Quentin F. Stout

EECS Department, University of Michigan

**Abstract:**
Given two black/white images, the problem of *topological matching* is to
decide if it is possible to deform each image into the other.
By deforming we mean ``rubber sheet'' deformation where stretching and warping are allowed, but not tearing. When the
images are *n x n* and they are stored in a 2-dimensional *n x 2n*
mesh-connected cellular automaton (a simple form of parallel computer),
Beyer showed that the topological
matching problem could be solved in
Θ(n^{4}) time, and Dietz
and Kosaraju showed that it could be solved in
Θ(n^{2}) time.
Even for the far more powerful mesh computer model
(in which processors can perform operations on words of logarithmic
length in constant time) no faster algorithm was known.

This paper gives an optimal algorithm, taking Θ(n) time.
An algorithm is first derived for the mesh computer, and
then self-organizing structures called
*clerks* are used to perform a stepwise simulation of the
mesh computer on the cellular array.

The mesh computer algorithm transforms the images into rooted trees,
where each node represents a connected component of the image. Alternating
levels of the tree represent alternating colors. These
trees are isomorphic if and only if the images can be deformed into each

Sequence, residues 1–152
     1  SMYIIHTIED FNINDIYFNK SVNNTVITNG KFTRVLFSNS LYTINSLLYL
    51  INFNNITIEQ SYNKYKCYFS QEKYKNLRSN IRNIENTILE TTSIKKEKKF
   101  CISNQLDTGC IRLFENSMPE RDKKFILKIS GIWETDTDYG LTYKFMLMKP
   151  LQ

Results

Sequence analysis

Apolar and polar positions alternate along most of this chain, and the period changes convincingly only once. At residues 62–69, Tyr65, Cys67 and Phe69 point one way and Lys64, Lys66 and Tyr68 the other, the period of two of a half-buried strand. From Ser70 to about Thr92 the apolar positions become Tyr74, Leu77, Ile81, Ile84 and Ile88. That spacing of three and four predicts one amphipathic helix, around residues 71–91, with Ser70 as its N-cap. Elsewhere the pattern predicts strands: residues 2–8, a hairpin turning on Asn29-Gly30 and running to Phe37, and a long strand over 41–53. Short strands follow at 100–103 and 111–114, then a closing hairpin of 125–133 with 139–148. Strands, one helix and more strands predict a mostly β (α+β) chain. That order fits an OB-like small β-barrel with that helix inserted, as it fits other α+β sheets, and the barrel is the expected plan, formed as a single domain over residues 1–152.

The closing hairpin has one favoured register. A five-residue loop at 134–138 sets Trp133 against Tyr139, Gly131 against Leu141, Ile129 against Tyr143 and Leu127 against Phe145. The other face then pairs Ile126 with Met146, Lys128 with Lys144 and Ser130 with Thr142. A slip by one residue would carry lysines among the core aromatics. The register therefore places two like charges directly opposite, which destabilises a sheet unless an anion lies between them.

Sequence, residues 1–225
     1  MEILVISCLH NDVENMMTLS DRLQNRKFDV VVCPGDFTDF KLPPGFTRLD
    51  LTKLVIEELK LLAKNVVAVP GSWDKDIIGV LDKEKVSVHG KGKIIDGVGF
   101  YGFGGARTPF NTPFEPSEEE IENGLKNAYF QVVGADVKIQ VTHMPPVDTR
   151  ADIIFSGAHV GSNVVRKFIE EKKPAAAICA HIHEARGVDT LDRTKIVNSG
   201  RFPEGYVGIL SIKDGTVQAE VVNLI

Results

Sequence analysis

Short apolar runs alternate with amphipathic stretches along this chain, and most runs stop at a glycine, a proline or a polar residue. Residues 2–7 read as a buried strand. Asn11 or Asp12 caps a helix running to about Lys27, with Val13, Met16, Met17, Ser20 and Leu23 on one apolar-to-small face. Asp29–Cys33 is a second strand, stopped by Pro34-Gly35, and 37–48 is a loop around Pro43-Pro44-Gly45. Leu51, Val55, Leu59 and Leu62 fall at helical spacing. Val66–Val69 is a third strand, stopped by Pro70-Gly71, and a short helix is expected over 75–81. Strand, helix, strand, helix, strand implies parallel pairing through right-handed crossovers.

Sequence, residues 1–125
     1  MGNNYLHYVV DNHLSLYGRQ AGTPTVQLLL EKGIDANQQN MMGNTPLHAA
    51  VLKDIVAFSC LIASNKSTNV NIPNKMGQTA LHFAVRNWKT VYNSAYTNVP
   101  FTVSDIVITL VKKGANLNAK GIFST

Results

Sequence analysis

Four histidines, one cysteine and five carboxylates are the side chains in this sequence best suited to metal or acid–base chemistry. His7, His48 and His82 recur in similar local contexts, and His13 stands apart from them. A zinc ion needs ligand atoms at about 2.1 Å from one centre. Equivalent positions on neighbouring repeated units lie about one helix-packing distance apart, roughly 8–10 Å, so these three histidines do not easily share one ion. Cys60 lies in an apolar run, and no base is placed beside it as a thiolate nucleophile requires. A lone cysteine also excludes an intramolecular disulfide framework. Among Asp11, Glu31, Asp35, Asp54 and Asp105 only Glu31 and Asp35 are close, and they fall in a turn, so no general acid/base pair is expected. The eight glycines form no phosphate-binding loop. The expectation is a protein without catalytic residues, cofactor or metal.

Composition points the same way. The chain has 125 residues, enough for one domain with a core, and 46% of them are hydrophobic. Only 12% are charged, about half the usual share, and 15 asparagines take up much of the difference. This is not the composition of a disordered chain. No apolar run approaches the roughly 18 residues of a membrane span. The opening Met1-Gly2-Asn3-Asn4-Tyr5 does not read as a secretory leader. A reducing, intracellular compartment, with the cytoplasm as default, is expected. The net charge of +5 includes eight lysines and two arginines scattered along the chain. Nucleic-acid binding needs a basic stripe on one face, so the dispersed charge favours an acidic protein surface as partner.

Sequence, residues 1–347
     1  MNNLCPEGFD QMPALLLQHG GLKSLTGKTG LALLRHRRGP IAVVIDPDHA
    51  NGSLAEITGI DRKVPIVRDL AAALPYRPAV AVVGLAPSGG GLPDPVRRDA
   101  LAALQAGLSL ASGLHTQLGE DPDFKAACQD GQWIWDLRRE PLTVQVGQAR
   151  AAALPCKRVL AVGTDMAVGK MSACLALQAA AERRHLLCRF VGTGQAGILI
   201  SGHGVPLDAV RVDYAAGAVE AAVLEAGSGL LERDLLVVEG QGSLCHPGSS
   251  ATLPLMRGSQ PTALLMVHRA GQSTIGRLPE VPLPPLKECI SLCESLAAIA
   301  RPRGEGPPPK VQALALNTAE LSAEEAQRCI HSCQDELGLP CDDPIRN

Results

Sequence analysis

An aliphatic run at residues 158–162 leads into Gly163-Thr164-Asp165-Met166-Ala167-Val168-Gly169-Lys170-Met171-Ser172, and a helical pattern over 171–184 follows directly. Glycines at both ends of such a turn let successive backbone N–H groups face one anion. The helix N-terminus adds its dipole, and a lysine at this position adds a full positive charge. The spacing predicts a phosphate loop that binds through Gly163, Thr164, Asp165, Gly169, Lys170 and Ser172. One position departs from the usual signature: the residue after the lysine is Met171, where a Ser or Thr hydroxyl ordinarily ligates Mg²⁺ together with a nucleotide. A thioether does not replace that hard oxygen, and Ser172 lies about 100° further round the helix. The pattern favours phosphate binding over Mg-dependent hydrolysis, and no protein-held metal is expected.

other, so a tree isomorphism algorithm is developed.
Given two arbitrary trees represented as an unordered collection of
*e* edges, stored one per processor in a square mesh computer of
*e* processors, the algorithm decides isomorphism in optimal
Θ(e^{1/2}) time.

Note that the tree isomorphism approach will not work in 3 or higher dimensions, because it could not distinguish between two interlocking rings versus 2 seperated rings.

**Keywords:** parallel algorithm,
image processing, homotopy, rubber sheet deformation,
cellular automaton (array), cellular array, iterative arrays,
self-organizing cellular automata,
Hilbert space-filling curve,
mesh computer, tree isomorphism

**Complete paper.**
This paper appears in
*Proc. 15th ACM Symposium on Theory of Computing* (1983),
pp. 24-31.
ACM later digitized it.

**Related work:**

- Here is the paper introducing clerks. There each clerk is a small linear cellular automata (embedded in a 2-dimensional cellular automaton), while here each clerk is 2-dimensional, formed by using a space-filling curve for the entire cellular automaton. In this paper the curve is called a proximity ordering, but a more common term is Hilbert space-filling curve.
- My papers in parallel computing, and an overview of my research
- An explanation of parallel computing, Parallel Computing 101, a tutorial, and a list of parallel computing resources.

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